Hereditary Diseases in Welsh Corgis (Part II)

29 July 2011 ~ 1 Comment

I continue the list of disorders that can be inherited by Corgis. While most of these diseases have no cure, they can be kept under control with the help of medication. Always remember that the vet will be your best ally when dealing with any illness.
May your dogs live long, healthy lives!

Von Willebrand disease (vWD) is a common inherited hemorrhagic dysfunction. It results when the von Willebrand factor is missing from the blood. Afflicted pets will likely be susceptible to nasal bleeds, gums bleeding, and blood transfusion will be considered before almost any type of surgical procedure. The majority of dogs affected by vWD may lead regular day-to-day lives, with rare blood-loss problems which could go unseen. Additional health issues, physical or even mental strain could aggravate the blood loss. With impacted pets, it is advisable to seek advice from the vet prior of administering any over-the-counter drugs. Medicines like aspirin and some antibiotics, for instance, modify the functionality of platelets, and really should be avoided in dogs with bleeding diseases. This disorder can’t be treated, however it is often kept under control. Your vet is going to explain all this with you as soon as the diagnosis is made. You will probably manage to deal with light hemorrhage by yourself by applying pressure.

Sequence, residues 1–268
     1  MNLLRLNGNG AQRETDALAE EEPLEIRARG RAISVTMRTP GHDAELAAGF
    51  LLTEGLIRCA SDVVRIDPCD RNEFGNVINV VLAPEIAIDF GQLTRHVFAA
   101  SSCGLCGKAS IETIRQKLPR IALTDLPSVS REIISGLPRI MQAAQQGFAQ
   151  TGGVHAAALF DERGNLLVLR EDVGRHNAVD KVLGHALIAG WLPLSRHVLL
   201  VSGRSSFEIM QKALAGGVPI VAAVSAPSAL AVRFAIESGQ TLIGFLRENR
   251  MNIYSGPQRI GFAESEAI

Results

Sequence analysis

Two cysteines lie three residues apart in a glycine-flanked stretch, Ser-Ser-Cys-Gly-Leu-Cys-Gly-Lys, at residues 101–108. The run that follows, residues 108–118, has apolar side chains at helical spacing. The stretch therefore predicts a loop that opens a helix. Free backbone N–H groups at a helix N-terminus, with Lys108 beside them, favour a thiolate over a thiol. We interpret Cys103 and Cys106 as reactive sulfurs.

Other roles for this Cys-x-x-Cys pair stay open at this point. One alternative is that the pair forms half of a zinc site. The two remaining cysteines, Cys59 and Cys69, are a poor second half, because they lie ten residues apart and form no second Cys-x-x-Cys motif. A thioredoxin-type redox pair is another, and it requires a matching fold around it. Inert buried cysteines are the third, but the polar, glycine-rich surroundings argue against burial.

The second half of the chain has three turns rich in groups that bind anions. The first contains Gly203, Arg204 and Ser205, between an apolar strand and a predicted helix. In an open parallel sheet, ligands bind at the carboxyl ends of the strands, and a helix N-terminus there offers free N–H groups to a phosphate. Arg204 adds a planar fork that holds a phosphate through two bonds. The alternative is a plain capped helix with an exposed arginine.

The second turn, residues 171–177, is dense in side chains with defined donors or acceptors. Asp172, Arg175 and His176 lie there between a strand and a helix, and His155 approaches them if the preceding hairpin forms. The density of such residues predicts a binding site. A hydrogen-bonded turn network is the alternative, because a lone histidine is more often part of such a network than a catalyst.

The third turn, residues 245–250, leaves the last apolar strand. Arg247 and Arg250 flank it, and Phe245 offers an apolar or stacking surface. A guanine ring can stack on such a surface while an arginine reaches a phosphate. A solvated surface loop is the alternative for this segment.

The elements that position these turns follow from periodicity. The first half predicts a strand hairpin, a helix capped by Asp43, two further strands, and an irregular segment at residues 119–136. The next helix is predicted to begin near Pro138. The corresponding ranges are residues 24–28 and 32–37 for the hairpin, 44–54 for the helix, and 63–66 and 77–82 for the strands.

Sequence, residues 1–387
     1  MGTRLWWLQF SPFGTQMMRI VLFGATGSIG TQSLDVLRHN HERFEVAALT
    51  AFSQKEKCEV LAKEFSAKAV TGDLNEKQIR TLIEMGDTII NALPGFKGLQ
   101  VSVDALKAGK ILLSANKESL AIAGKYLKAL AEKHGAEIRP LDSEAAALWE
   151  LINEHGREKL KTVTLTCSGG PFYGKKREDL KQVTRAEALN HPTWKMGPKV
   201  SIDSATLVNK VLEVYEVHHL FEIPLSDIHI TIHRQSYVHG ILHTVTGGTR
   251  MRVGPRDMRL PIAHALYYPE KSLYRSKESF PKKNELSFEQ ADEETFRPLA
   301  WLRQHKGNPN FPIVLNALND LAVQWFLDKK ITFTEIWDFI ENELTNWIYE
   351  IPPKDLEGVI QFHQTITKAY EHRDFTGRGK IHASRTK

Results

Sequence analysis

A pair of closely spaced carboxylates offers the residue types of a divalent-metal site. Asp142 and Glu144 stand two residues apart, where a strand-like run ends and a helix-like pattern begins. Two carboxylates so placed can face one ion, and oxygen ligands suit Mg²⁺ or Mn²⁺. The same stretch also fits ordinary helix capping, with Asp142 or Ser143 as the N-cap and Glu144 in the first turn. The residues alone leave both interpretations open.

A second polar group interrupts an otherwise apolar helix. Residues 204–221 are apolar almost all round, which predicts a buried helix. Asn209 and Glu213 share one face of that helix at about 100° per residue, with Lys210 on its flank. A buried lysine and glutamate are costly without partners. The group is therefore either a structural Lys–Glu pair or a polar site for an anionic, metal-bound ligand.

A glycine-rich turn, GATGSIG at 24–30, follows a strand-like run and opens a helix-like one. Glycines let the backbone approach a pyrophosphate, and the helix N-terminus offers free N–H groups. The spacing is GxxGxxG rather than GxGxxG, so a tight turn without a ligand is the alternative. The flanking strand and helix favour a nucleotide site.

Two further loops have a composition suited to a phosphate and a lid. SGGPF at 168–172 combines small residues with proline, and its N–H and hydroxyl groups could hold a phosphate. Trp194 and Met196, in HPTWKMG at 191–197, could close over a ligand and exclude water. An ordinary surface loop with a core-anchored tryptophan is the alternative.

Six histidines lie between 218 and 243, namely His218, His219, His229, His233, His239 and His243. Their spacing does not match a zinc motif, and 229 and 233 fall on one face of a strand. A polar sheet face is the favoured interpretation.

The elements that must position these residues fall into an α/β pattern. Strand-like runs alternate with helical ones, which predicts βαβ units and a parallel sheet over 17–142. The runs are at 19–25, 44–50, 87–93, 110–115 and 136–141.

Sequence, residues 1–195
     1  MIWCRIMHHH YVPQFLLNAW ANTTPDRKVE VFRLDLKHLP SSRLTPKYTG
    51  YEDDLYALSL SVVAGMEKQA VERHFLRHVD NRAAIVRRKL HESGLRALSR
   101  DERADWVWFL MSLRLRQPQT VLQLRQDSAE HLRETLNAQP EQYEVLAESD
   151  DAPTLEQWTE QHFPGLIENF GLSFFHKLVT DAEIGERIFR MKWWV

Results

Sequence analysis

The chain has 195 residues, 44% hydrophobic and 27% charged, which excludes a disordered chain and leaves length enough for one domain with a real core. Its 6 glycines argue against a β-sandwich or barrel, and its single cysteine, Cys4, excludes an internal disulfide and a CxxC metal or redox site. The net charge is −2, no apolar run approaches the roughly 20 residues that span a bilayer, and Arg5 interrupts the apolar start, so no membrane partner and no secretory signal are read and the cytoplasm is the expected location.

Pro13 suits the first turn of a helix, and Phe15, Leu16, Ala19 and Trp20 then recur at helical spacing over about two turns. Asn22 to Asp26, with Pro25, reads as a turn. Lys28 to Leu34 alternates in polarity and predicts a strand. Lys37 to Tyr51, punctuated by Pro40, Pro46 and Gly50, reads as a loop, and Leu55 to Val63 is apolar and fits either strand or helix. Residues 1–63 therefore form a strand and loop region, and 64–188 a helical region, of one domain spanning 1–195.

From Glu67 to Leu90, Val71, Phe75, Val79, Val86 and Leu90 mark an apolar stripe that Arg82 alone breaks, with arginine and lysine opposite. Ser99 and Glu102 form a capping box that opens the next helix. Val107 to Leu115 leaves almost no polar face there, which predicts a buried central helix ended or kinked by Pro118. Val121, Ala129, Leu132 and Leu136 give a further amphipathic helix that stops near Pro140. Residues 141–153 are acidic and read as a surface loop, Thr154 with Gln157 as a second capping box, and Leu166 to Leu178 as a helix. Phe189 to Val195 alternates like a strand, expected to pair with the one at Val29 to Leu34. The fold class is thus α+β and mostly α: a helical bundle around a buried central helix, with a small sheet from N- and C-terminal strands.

The breeds of dogs affected by von Willebrand’s disease, besides the Pembroke Welsh Corgi, are the Doberman Pinscher, Shetland Sheepdog, Scottish Terrier and Poodle.

A Cataract is the lack of transparency (opacity) of the eye lens. Cataracts will cause the eye to get cloudy, as well as it will obstruct light from hitting the retina. The most common cause for cataracts is aging, and also diabetes. Cataracts in young dogs are nearly always genetic.
In acute circumstances, the vet may eliminate the lens in order to slightly enhance vision.

dog cataracts

Dog’s eye affected by Cataracts

Intervertebral disk disease (IVDD) develops if the jelly-like internal layer of the intervertebral disks herniates in the vertebral channel and weigh on the spinal cord. Pressure within the spine cord can be mild to intense. In the worst cases, IVDD can cause paralysis, lack of feeling, as well as loss of bladder and digestive tract control, and might end up being permanent.
Complications tend to be most often noticed in the lower area of the spinal cord (lower back), but the cervical area can also get affected.
Type 1 IVDD generally appears in chondrodystrophoid dogs, for example Dachshund, Bassett Hound and Corgi.
Hernia of the disk in canines shows up in fairly young dogs (3-6 years old), it is frequently seen in various areas of the back, and can lead to strong discomfort.
Surgical procedure is the sole solution to eliminate disc mass that is pressing on the spinal cord, however surgery isn’t always the preferred remedy. Other treatments can succeed if your pet suffers only from light to mild pain, he isn’t weak, nor paralyzed.

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